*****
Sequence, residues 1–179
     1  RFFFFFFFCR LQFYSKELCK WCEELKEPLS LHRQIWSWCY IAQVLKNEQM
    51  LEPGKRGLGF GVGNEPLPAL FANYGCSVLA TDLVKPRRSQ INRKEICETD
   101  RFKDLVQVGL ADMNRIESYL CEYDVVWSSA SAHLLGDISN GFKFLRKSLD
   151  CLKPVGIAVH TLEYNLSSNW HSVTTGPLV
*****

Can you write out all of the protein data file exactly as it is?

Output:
Sequence, residues 1–179
     1  RFFFFFFFCR LQFYSKELCK WCEELKEPLS LHRQIWSWCY IAQVLKNEQM
    51  LEPGKRGLGF GVGNEPLPAL FANYGCSVLA TDLVKPRRSQ INRKEICETD
   101  RFKDLVQVGL ADMNRIESYL CEYDVVWSSA SAHLLGDISN GFKFLRKSLD
   151  CLKPVGIAVH TLEYNLSSNW HSVTTGPLV